"Sir," Uhura's voice was urgent. "It's the Orion calling Sarek."
"Quick Uhura put it on audio. See if you can get a trace on it while he's speaking to Sarek."
The Orion's hoarse harsh voice resounded through the room as Uhura's quick fingers complied. "Am I speaking to Sarek of Vulcan?"
Immediately through Uhura's communication relay, they heard Sarek's voice responding. "This is Sarek speaking." The Ambassador's voice sounded measured and calm.
"Ambassador, your instructions are these: In five days the General Assembly of the United Federation of Planets will meet. The question before them and more importantly, before you, is the admission of Orion to the Council. You will be asked to speak to the question. You will speak of your deep doubts about the wisdom of Orion admission and state all your logical reasons for these doubts. The weight of your logic will be such that the other members of the Council cannot but agree with your reasons. We know that Vulcan, and you, as the Vulcan Ambassador, wield an inordinate amount of power and influence on the Council floor, so when your negative vote is cast, the other delegates will vote as you do." The guttural voice continued. "If your vote is affirmative, then your wife, your son, and the child will die. Their bodies will be deposited at the door of the Vulcan embassy immediately after the vote."
Sarek's voice deeper and calmer than ever, poised a question. "What if I should abstain?"
Listening, Jim broke out in a sweat. He looked at McCoy's set face. They both knew what the answer would be.
"Abstention is not acceptable. The defeat of the proposition must be so overwhelming that Orion will not try for admission again. Do you understand what you must do, Ambassador?"
"Yes, I understand. However, I, too, need something before I cast my vote. I must know that my wife, my son, and the boy are alive and well. I must see and hear them. On this issue I will not negotiate."
There was a second of silence. "We will confer and inform you of our decision." The Orion abruptly broke the communication.
"Uhura?" Jim asked urgently.
"Sir, I was only able to trace it to a general location. They are using some sort of diffusion signal to avoid a trace. I can tell you it came from the greater San Francisco Metroplex general vicinity, but that's all I can tell you. It's an enormous area."
"Sarek, did you hear that?" asked Jim."
"Yes, Captain Kirk. I heard and understand the difficulty." "Captain," he added, "at our meeting, the Orion Ambassador had much to tell us and has indicated a desire to help us. We will come to you in a few minutes. Sarek out."
Kirk opened his communicator. "Kirk to Enterprise."
"Yes, Captain, Scott here."
"Scotty, the trace was localized in the greater San Francisco general area. Concentrate the sensor scan in the area. We have no way of knowing if the hostages are in the same place as the Orions, but it's a start. Sarek is bringing the Orion Ambassador here to talk with us. If there are any more developments, I'll let you know immediately."
"Aye, sir. But I dinna' trust those Orion gentlemen at all." Scott's voice reflected his doubts about the proceedings.
"I don't either, Scotty," Jim said. "But it's the only game in town. Kirk out."
He turned to see Dr. McCoy running a medical scanner over him.
"Bones...," he protested.
"Jim, that's a very high stress reading," McCoy said. "You haven't slept, you haven't eaten, you look like hell." He loaded the hypo and pressed it against Jim's arm.
"What the hell's in that, Bones, I have to stay alert for this meeting," Jim snapped irritably.
"Just relax and let your good ole' country doctor fix you up. It's vitamins, a mild stimulant, and a stress neutralizer. You're going to interview an Orion, remember? That won't be easy."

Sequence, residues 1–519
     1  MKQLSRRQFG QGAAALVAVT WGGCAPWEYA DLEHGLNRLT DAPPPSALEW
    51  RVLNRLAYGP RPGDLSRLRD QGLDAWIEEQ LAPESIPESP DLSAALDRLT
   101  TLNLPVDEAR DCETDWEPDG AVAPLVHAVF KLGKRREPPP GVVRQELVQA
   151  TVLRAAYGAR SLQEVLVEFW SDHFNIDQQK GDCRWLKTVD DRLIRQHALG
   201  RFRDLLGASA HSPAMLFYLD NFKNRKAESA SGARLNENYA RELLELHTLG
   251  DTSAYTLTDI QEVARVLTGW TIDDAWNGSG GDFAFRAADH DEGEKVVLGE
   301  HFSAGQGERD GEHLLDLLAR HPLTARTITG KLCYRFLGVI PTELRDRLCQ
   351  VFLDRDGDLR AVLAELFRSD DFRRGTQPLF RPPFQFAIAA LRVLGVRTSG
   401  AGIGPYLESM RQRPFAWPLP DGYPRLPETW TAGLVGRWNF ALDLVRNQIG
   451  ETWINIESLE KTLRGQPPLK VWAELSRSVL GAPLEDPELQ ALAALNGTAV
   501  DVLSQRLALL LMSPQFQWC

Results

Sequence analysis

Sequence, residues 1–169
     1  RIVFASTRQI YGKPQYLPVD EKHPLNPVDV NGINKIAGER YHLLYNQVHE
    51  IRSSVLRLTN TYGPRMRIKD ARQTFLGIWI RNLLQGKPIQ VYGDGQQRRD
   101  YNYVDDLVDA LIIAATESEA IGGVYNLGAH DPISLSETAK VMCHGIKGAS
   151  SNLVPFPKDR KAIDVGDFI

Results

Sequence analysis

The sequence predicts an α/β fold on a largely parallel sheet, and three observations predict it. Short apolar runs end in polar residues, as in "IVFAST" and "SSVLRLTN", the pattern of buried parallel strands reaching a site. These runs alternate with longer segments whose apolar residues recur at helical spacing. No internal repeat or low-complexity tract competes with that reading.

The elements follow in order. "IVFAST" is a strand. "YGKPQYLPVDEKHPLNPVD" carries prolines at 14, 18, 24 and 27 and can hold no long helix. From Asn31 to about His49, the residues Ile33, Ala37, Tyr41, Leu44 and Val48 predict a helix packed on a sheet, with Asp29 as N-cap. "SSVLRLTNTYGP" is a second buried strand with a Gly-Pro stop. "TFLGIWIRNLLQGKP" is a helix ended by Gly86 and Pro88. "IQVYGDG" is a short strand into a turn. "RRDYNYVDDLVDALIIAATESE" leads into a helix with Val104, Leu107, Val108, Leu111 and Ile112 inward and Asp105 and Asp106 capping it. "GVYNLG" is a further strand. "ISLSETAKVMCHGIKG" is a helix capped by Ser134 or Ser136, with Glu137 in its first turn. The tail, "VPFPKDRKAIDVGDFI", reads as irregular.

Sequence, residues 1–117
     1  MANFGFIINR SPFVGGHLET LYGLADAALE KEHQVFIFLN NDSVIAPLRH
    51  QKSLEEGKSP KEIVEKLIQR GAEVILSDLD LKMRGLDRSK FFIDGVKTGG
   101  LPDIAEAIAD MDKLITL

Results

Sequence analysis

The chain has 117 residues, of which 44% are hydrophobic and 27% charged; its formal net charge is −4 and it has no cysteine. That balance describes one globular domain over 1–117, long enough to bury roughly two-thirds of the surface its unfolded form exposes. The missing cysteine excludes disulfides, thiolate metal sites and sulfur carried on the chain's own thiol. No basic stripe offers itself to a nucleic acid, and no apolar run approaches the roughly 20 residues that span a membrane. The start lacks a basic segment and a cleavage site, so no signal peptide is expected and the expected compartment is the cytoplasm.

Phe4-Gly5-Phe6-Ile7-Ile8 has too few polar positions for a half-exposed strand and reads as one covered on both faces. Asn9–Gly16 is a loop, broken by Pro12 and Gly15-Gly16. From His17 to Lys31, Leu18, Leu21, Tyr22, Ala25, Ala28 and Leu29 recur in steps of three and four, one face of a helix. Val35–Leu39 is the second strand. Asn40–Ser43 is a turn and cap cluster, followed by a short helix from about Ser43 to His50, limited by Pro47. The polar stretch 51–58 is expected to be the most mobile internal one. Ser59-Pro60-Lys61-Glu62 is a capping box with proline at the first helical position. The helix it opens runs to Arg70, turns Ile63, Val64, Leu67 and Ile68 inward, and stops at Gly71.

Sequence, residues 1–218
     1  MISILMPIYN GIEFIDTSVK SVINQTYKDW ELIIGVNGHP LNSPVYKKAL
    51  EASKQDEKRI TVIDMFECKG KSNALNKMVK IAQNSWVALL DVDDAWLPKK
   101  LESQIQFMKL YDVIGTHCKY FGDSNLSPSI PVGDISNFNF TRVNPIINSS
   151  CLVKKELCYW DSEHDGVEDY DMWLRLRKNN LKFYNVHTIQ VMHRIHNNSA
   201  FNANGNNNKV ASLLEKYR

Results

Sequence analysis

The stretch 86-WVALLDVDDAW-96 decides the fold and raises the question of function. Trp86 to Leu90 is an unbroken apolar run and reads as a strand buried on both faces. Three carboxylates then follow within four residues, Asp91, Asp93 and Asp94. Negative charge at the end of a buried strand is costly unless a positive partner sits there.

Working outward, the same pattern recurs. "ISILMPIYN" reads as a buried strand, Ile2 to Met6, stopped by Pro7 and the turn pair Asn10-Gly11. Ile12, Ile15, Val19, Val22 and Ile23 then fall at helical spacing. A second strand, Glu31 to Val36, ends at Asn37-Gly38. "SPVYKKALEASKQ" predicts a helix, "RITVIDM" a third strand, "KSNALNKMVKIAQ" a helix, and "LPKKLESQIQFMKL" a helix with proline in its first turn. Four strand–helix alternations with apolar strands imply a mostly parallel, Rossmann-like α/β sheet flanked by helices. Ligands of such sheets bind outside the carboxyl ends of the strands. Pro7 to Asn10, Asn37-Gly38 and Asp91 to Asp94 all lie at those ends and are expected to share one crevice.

"All right, Bones, but I wish you'd stop hovering over me like a mother hen," Jim stretched his neck and back muscles slowly. He could feel the tension ease as the drugs did their work. He would pay for it later, but for now at least he would be at his best for the Orion meeting. He turned and went into the peace and quiet of the library to wait.
The door chime rang softly. McCoy went to answer it knowing it would be Sarek, Nogura and the Orions. I have my doubts abut this meeting, he thought. Jim's temper is awfully short and I hope this guy doesn't blow Jim's fuse.
He let Sarek and Nogura in and took a swift look at the Orion as he came in behind Sarek. The Orion Ambassador was short and stocky, with powerful arms and shoulders and a massive neck and head. His face was broad, his nose lean and hawk-like, his jaw pugnacious. But what caught and held McCoy's attention, were his eyes. As the light from the bay window lit the Orion's face, McCoy saw that they were large and thickly lashed, quite beautiful and luminous, set deeply in his face and of a brilliant blue color, icy and cold, but in their depth, like in a star sapphire, a kind of fire smoldered there; eyes that could beguile or seduce with their beauty, yet fierce. It was disconcerting to see those brilliant blue eyes set in the pale green face.
"My name is McCoy. Captain Kirk is waiting for you in the library. Please come this way." He led them past the curious eyes of the command crew, and into the library and closed the door.
Jim stood as Sarek, Nogura and the Orion entered. He glanced at Sarek and Nogura, but their faces told him nothing.
"Kirk, this is Ambassador Dizchard, Exalted of Orion, the head of the delegation. He will speak with us. Dizchard, this is Captain James Kirk. It is his nephew who was kidnapped along with my wife and son." Sarek's face looked more drawn than ever, but his bearing was straight and his voice as measured and calm as always. Dizchard and Kirk looked at each warily for a long minute.
McCoy had always prided himself as being a very good psychologist, reader of character and body language. It was a skill that helped make him into the excellent CMO that he was on the Enterprise. To the watching McCoy, it was obvious that these two men were of like character; born to command others, makers of tough sometimes impossible decisions, each with their own code of honor to live by and uphold. But while Jim's command decisions were always tempered by rigorous soul-searching and compassion, in Dizchard, McCoy could detect only ruthless determination and arrogance. This man would make decisions and cut his losses without a second thought.
"Please sit down, Exalted Dizchard. We have much to discuss," Jim said. "I hope that you and your people will be able to help us.'